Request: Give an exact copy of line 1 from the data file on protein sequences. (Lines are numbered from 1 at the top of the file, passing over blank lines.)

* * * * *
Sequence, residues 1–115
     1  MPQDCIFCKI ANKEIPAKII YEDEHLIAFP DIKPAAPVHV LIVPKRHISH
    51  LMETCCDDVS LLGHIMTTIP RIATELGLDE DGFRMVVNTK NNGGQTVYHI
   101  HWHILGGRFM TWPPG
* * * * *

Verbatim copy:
Sequence, residues 1–115